A particularly controversial E.C. comic.



Yet, Tales From the Crypt and its associates were not dead, either. The comics may have ceased publication, but the aftershocks they emitted continued to ripple through the ozone. As the stodgy ‘50s segued into the swinging ‘60s, the kind of grue that speckled the pages of Tales From the Crypt crossed over to the cinema. The films Hammer Studios started producing in the late ‘50s gave horror followers their first glimpses of Technicolor blood. Hitchcock’s Psycho forced horror out of the Gothic castles and graveyards of yore and into the kind of contemporary setting that served as the background for many a tale from the crypt. 1968 saw the first film to pay direct and humble homage to EC’s horror comics. Night of the Living Dead was a graphically violent, slightly campy, relentless, and socially conscious horror movie that may as well have been peeled right off the page of a vintage issue of Crypt. No surprise that George Romero was an EC fanatic back when Frank Wertham was busy spoiling everyone’s fun. So were John Carpenter, Steven Spielberg, Stephen King, Joe Dante, and R.L. Stine.

Little Karen Cooper munches on her folks in Night of the Living Dead.



In 1972, Hammer’s chief competitor, Amicus, produced a tribute film called Tales From the Crypt, which adapted five EC chillers. Although the film skimped on the humor that was a Crypt staple (Sir Ralph Richardson’s grumbly Crypt Keeper couldn’t hold a candelabra to the incorrigible wise-cracker illustrated by Jack Davis) it still stands as the best horror portmanteau because of a cracking cast (Peter Cushing! Patrick McGee! Joan Collins!) and director Freddie Francis’s deft hand with crafting striking visuals and scenes of nearly intolerable suspense. The first and final sequences— “And All Through the House…” and “Blind Alley”, respectively— are particularly intense. Amicus followed with the slightly less spectacular Vault of Horror the following year.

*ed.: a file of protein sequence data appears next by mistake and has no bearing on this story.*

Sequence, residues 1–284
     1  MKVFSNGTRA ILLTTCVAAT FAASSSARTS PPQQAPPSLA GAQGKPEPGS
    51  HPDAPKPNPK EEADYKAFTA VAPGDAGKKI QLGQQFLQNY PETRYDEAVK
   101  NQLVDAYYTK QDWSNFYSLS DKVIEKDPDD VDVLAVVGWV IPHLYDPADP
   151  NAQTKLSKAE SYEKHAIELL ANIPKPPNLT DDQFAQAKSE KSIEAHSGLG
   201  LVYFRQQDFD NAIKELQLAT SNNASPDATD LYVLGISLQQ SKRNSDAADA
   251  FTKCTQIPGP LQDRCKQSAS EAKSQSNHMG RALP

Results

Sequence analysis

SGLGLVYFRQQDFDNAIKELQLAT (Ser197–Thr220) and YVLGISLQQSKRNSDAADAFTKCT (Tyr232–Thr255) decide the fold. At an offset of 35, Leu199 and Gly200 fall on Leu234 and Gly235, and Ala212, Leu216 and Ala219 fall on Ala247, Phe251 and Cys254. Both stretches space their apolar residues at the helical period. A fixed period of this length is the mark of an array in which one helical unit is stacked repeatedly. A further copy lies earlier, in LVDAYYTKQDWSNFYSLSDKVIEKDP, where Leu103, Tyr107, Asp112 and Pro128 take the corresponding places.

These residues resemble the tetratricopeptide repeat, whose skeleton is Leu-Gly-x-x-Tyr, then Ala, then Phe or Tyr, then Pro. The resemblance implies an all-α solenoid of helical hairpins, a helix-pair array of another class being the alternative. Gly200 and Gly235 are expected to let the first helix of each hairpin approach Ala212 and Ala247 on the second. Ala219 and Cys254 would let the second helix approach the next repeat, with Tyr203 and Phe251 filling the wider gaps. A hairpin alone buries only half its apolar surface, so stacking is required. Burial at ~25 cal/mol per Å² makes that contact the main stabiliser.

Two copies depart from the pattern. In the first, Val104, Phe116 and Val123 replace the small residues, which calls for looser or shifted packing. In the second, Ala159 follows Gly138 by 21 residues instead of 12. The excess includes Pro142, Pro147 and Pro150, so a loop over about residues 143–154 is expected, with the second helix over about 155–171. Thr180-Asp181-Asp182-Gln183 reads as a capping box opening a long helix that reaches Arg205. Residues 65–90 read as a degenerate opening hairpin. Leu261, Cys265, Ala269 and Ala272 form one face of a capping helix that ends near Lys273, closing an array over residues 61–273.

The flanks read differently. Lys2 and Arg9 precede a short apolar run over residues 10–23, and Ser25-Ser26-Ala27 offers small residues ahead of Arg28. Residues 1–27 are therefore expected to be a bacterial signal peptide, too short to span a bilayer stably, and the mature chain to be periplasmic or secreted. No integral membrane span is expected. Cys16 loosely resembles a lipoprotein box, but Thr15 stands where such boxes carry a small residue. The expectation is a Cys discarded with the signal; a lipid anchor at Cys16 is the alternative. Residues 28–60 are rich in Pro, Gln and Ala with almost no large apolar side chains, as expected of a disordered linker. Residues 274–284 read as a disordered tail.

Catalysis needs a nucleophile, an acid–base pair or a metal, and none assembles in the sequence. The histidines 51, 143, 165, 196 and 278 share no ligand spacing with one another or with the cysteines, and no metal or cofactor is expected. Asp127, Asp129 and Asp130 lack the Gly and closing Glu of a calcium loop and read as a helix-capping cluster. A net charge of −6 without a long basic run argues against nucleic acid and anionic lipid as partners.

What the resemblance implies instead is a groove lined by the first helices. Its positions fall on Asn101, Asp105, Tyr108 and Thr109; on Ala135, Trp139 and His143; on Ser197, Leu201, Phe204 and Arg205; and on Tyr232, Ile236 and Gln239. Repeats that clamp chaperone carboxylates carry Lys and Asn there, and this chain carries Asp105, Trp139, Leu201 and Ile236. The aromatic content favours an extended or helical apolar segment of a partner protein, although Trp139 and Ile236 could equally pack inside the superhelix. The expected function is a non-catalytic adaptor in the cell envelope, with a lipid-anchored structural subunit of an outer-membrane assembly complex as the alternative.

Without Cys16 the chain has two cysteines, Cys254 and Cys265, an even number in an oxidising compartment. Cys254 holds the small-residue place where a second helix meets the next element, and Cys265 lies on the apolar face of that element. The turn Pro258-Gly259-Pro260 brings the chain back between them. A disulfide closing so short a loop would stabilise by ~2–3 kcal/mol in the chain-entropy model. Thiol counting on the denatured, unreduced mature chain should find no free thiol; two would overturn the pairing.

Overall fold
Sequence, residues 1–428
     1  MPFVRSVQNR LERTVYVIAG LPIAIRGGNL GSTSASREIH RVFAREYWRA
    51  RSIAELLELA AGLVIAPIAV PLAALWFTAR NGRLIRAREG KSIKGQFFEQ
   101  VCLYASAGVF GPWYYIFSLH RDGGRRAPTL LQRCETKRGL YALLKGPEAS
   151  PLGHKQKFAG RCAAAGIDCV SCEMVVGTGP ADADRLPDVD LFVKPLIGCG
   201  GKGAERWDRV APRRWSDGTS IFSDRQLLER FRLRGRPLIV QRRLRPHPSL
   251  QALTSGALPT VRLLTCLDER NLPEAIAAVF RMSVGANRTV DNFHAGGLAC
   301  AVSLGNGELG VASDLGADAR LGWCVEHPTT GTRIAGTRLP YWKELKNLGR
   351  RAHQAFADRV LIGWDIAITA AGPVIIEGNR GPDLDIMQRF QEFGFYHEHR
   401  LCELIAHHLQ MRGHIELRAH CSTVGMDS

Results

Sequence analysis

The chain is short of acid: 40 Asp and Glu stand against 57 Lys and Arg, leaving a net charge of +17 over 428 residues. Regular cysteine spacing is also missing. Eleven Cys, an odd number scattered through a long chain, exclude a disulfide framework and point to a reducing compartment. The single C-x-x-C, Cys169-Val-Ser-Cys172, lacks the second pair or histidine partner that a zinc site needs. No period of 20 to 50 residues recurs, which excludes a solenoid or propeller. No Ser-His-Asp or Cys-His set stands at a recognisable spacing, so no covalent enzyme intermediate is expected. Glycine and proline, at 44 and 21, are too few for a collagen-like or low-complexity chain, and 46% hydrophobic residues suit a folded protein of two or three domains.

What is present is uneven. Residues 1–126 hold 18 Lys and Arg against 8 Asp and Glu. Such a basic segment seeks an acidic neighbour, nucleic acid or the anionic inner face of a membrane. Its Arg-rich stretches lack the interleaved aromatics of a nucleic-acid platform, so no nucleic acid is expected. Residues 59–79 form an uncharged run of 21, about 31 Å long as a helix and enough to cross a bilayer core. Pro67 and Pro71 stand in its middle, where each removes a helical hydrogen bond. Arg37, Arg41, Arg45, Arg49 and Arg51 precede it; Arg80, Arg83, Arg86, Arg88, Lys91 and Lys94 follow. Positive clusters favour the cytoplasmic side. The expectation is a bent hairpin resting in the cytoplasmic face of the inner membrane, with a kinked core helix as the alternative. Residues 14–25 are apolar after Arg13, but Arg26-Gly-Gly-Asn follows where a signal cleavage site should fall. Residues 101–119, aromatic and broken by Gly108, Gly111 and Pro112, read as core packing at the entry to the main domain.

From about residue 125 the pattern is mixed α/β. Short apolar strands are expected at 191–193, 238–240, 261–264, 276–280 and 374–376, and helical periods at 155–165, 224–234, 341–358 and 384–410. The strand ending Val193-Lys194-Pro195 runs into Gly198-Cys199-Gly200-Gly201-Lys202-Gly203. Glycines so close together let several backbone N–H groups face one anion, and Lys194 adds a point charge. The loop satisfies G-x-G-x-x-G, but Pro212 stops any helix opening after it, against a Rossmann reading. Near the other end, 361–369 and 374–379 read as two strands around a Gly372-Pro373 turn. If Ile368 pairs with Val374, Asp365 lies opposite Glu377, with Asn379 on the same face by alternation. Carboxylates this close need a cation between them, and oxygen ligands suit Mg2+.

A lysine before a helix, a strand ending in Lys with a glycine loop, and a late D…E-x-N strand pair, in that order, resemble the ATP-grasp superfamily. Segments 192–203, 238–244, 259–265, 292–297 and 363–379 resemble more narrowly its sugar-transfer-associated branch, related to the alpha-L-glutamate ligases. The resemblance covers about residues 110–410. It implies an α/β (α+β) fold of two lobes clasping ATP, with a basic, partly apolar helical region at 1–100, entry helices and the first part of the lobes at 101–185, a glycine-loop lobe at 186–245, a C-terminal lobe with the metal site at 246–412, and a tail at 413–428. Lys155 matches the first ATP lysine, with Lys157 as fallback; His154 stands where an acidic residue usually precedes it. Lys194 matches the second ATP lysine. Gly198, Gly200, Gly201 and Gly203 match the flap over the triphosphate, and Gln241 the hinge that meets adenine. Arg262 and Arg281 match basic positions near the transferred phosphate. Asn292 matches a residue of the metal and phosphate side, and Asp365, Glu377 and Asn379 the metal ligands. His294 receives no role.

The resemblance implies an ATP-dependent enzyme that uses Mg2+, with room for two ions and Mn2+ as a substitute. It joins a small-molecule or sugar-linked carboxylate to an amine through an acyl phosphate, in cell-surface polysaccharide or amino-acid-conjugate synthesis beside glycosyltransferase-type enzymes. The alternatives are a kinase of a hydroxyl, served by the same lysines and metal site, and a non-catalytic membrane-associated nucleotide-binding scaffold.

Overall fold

Meanwhile, Romero continued diving into EC territory with further creeptastic offerings like The Crazies and Dawn of the Dead, before giving EC its most direct props yet. Creepshow did acknowledge the comics’ humor and style, even if the acting and Stephen King’s script were not on a par with Francis’s film. Romero then took his comic-vision to the small screen with the syndicated horror series Tales From the Dark Side, the success of which paved the way for the most popular and enduring pure horror anthology series in TV history. Yep, boils and ghouls, I’m talking about HBO’s Tales From the Crypt, which ran from 1989 to 1996 and spawned two feature films, a Saturday Morning Cartoon called Tales From the Cryptkeeper, and a kiddie game show called Secrets of the Cryptkeeper’s Haunted House. Most importantly, it introduced a new generation of creeps to Bill Gaines’s classic comic. In 2007, independent publisher Papercutz resurrected Tales From the Crypt in comic form, and even stirred a bit of controversy after printing a 2008 cover depicting a hockey-stick wielding Sarah Palin to illustrate an anti-censorship editorial by Bill Gaines’s daughter, Cathy. Clearly, the Crypt spirit is still alive and well after 60 years.

Why couldn't the GhouLunatics been the ones wielding the hockey stick?